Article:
Last night we started our way motoring through the Neumayer Channel and across the Gerlache Strait on our way to Andvord Bay. Yet another name that reminds of the Belgica expedition under Gerlache command (1897-99), as it was roughly charted by them in 1898, and named “Baie Andvord”, after Rolf Andvord, Belgian Consul in Christiania (Oslo) at that time. We arrived in the morning to one of its small inner bays, Neko Harbor. During the early hours of the day we zigzag amongst icebergs on flat calm conditions and mirroring waters over the sensational mountain scenery. With the calm conditions and low temperatures we are lucky enough to witness the formation of sea ice, as the Europa makes her way through areas where the water surface is freezing. As soon as the wind picks up ruffling the sea this newly formed ice soon disappears.
Suddenly, as we approach the landing site for today, from 2 knots of wind, it picks up to 25-30 knots, coming straight from the glaciers in front of us. Elskarin and Eric prefer not to anchor on those windy conditions and drifting ice, while Jordi prefers to wait a bit to launch the zodiacs and start operations to check how the wind situation is evolving. After an hour the wind stabilises at around 20 knots. The three bells were rung and we gathered for some instructions and information about the site and its history. Jordi warned about the glacier that almost surrounds Neko Harbour: should any big chunks come off while we are on the beach, we should immediately head up to the slopes (just like the penguins are accustomed to) to avoid the risk of getting washed by the waves which result from the calving. Soon we landed on the cobble beach where Gentoos nest all around. Almost all of us enjoyed a bit of hiking up the hills of Neko, to get fantastic panoramic views over the whole area from a vantage high point, where Annuka and Bob guided us.
With most of the people gone up the hills, the shoreline became quiet again. Jordi accompanied by a couple of us enjoyed the silent beach following the movements of seagulls and penguins in their way in and out of the water, purposing, and having baths in the shoreline. We all got the chance to enjoy some time in silence. Then one can appreciate the grandeur this continent has to offer, immersed on our own thoughts, hearing Antarctica, its inhabitants and the ice in movement. The group up the snowfield enjoyed a last sliding down in the Antarctic snow and we all head back to the ship before lunch. Neko Harbour, a great spot on continental Antarctica! Just after boarding the Europa, Eric get us ready to set some sails and start our way towards our next destination, Melchior Islands, without using the engines. As we almost sail downwind off Andvord Bay, Both Topsails in the Fore Mast are set, and we try to set both on the Main afterwards, but just to realise that the Upper one, that has been under repair and placed again in the rig, was in need of some more attention before setting.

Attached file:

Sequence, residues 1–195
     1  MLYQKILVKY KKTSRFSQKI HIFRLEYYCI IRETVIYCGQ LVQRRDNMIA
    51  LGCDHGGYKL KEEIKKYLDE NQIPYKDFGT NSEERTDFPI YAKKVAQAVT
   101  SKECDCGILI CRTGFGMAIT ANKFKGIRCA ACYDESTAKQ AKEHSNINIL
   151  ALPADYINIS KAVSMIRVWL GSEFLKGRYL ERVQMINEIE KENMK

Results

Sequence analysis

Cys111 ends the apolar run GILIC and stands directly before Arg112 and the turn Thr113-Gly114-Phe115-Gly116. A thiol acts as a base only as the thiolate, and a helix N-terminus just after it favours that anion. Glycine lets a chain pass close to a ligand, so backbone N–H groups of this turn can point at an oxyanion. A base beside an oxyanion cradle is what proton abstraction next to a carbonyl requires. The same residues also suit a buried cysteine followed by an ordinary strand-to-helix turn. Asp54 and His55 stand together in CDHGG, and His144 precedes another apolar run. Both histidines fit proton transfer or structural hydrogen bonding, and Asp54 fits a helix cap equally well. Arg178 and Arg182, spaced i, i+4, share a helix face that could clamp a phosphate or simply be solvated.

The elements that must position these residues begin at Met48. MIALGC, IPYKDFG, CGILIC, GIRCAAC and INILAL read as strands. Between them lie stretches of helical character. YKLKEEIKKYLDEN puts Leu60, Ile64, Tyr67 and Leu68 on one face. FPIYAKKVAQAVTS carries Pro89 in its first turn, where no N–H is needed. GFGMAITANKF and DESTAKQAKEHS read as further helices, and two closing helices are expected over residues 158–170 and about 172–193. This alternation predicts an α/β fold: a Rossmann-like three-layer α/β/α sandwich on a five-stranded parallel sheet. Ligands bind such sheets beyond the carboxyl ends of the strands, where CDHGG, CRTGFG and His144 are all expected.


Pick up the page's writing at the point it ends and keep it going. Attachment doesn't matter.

From then on we sail almost all the way through the afternoon and night until midnight, when we drop anchor at Andersen Harbour, a small bay on Omega Island, one of the many islands and rocks that compose the Melchior Archipelago. Smooth sailing, at the beginning just with the Top sails, having the top Main one looked after in the afternoon, then setting all of them in the Fore Mast. As we change course several times getting off Andvord Bay, crossing the Gerlache and squeezing inbetween the shallows and icebergs of the gap separating Bravant and Anvers Islands, the wind changes in the different areas, and we set Lower Staysails as well, bracing when necessary. During the afternoon as well, Annukka gives a talk about her ongoing PhD
Thesis, working at Sri Lanka on the Songs of the Blue whales. We know little about those whales, the largest animals on our planet, and any contribution to increase the knowledge is a great addition to the Marine Biology world.
While she was busy with many of us in the lounge, the Europa sails through the Schoallert Channel and enters Dallman Bay, where the wind decreases and we slow down, enjoying the bright sunshine, calm waters, scattered icebergs and numerous Humpback whales, that start appearing all over the area. In the evening, just at around 5 miles from our anchorage, the wind dies
down while getting closer to a large towering iceberg, that offers us some small calvings and ice falls while the whales dive, show their flukes and feed all around, some at close distance others spread over all Dallman Bay. The sun is setting offering a magnificent golden light over the high peaks and glaciers of Antarctica, while not even one cloud hung in the sky. The light wind starts blowing from a N-ly direction, and we slowly start drifting Southwards, its around 22:00h, time to take away all canvas that was set and start engines for the last bit to reach the anchorage to spend the night. And when we all think that the magnificent spectacle of this evening is over, clearing decks while some of us climb the rig to furl sails, a group of Humpbacks is spotted feeding closeby. The Captain steers skilfully to get near them, and then, as a cherry on top of this magnificent afternoon and evening, the four whales start bubble-netting together next to the ship. Not being bothered by our presence they keep repeating their performance several times as many of us run to deck to join the show. After a while they keep moving in Andvord Bay while feeding in the dusk low light, and we resume our way to Andersen Harbour.
What a great day! Antarctica is giving us a fantastic and magical farewell. We started with a great landing in the morning, and then we set sail for the rest of the day, ending up in a glorious sunset surrounded by icebergs and whales. Antarctica grand spectacle!